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Are you a prisoner of time?

October 12, 2012

Matt Smith as the time-travelling Doctor Who | Image: BBC

Heraclitus once wrote, “No man ever steps into the same river twice, for it’s not the same river and he’s not the same man.”

It’s a very poetic way of thinking about how the passing of time affects us as human beings.  Some of us are in a constant state of anxiety about time – stressed at work, with not enough hours in the day; depressed and lonely, where time seems to stretch out forever in front of us; or the very real fear of death, in which we worry about time running out.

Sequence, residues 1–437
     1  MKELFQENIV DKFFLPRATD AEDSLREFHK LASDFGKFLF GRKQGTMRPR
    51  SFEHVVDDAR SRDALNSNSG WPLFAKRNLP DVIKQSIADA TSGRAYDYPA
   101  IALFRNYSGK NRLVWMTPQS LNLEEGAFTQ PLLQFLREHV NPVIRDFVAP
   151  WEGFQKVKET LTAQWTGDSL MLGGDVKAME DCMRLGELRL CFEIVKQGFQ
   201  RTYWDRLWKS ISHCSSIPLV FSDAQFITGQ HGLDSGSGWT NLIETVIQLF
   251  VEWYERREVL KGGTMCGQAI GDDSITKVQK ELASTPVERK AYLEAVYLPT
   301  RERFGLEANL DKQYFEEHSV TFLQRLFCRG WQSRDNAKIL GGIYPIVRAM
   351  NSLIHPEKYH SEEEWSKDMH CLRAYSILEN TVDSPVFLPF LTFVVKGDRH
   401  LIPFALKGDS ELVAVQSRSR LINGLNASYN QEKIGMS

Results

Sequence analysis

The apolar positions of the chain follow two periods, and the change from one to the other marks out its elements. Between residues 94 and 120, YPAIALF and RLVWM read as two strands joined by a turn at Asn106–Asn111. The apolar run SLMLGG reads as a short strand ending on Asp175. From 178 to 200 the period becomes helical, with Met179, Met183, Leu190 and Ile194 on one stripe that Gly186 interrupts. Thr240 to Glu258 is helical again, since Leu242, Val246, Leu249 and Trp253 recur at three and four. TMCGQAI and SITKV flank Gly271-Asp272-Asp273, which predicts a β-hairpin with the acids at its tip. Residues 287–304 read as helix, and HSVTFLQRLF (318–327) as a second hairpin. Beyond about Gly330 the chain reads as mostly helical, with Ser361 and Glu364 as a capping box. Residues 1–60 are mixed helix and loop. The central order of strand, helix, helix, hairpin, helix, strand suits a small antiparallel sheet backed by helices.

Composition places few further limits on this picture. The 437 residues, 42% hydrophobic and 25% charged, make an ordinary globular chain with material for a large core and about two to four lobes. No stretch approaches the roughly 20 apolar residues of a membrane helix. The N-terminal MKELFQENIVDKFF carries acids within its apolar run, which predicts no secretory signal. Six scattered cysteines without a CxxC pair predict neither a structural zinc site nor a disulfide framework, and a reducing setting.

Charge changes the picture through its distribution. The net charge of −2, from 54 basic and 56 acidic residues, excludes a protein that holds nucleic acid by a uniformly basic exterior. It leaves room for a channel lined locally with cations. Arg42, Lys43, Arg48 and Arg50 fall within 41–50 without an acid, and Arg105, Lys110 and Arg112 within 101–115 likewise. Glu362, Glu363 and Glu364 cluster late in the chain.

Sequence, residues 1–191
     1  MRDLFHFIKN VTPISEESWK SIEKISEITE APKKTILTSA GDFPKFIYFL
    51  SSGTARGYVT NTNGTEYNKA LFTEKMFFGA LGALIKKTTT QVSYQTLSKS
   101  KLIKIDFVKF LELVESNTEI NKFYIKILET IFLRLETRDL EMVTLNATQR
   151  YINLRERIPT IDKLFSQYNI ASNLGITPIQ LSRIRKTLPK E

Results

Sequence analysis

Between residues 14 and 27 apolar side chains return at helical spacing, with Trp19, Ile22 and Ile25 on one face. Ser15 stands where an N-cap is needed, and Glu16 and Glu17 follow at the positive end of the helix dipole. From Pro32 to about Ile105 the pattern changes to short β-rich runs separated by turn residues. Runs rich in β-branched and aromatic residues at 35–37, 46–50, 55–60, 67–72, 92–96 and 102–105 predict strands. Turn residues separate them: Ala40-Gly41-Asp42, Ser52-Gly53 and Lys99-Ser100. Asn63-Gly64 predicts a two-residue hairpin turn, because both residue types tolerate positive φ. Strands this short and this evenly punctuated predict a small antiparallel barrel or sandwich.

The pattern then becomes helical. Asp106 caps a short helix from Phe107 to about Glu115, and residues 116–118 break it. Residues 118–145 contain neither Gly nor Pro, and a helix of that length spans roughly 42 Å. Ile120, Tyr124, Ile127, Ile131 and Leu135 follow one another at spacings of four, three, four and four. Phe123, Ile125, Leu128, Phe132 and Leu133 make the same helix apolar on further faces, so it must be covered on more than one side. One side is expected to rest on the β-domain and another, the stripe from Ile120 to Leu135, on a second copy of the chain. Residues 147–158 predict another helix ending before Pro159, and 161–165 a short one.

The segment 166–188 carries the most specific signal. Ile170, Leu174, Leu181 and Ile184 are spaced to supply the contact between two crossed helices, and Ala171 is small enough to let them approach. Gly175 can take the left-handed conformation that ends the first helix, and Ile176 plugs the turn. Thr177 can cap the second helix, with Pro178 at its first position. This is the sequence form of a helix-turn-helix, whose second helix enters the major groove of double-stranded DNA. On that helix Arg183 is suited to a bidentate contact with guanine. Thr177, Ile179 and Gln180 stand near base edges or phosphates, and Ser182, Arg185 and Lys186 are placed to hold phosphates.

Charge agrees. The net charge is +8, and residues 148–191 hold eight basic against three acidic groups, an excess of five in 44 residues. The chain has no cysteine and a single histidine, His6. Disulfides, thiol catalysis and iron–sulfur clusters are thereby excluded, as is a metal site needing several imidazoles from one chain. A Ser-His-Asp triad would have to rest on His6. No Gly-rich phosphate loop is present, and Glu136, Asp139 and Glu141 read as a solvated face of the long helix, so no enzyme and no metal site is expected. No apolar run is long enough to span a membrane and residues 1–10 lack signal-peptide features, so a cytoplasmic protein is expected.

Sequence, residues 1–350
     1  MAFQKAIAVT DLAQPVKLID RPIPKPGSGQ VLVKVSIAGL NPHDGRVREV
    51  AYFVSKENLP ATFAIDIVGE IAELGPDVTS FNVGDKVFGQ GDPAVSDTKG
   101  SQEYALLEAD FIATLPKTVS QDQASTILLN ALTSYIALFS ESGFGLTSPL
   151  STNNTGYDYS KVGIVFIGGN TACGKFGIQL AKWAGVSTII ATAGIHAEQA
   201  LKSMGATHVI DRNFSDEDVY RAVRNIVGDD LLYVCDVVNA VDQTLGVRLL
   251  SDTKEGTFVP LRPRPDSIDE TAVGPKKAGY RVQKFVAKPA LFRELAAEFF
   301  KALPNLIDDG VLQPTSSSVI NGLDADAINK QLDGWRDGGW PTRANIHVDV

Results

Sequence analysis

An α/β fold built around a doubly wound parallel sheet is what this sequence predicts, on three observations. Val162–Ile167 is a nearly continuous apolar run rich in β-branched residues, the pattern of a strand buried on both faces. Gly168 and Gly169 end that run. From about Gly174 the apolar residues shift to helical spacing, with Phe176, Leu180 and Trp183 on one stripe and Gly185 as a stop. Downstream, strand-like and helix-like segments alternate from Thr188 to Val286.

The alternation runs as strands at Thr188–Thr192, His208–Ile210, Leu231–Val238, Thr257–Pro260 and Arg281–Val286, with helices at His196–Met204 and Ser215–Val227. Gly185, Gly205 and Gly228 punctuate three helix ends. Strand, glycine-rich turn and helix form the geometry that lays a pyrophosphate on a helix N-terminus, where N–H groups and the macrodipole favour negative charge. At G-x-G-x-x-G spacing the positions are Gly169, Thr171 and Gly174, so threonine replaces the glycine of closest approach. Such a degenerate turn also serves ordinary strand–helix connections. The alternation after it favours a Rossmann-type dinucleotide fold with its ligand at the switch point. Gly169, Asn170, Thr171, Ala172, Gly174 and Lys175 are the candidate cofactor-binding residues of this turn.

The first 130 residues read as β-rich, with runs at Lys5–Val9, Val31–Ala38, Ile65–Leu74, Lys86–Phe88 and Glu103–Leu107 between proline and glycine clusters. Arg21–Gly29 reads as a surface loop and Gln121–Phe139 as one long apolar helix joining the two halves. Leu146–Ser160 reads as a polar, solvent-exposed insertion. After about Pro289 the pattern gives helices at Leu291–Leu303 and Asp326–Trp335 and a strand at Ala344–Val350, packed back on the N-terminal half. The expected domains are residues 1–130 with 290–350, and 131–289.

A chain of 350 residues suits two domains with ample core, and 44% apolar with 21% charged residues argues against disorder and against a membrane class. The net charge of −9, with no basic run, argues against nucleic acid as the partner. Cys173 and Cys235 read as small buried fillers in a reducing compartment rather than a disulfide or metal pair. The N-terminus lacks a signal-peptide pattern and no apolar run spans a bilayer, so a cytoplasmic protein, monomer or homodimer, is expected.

Psychologists Philip Zimbardo and John Boyd in their book “The Time Paradox – The New Psychology Of Time” believe that most of us only become aware of time occasionally:

“Time’s power often hits us only after a momentous event, the death of a loved one, a near-death experience, or a massive tragedy such as 9/11.  We usually use time almost automatically, to schedule our hours and our days and to mark important life events like births, birthdays and deaths.  Time is the water that moves our stream of consciousness, but despite its centrality in our lives, we seldom reflect upon the ways in which time draws boundaries and gives direction and depth to our lives.”

How do you feel about time?  Does it give you order and structure, or do you feel like you’re a prisoner of it?

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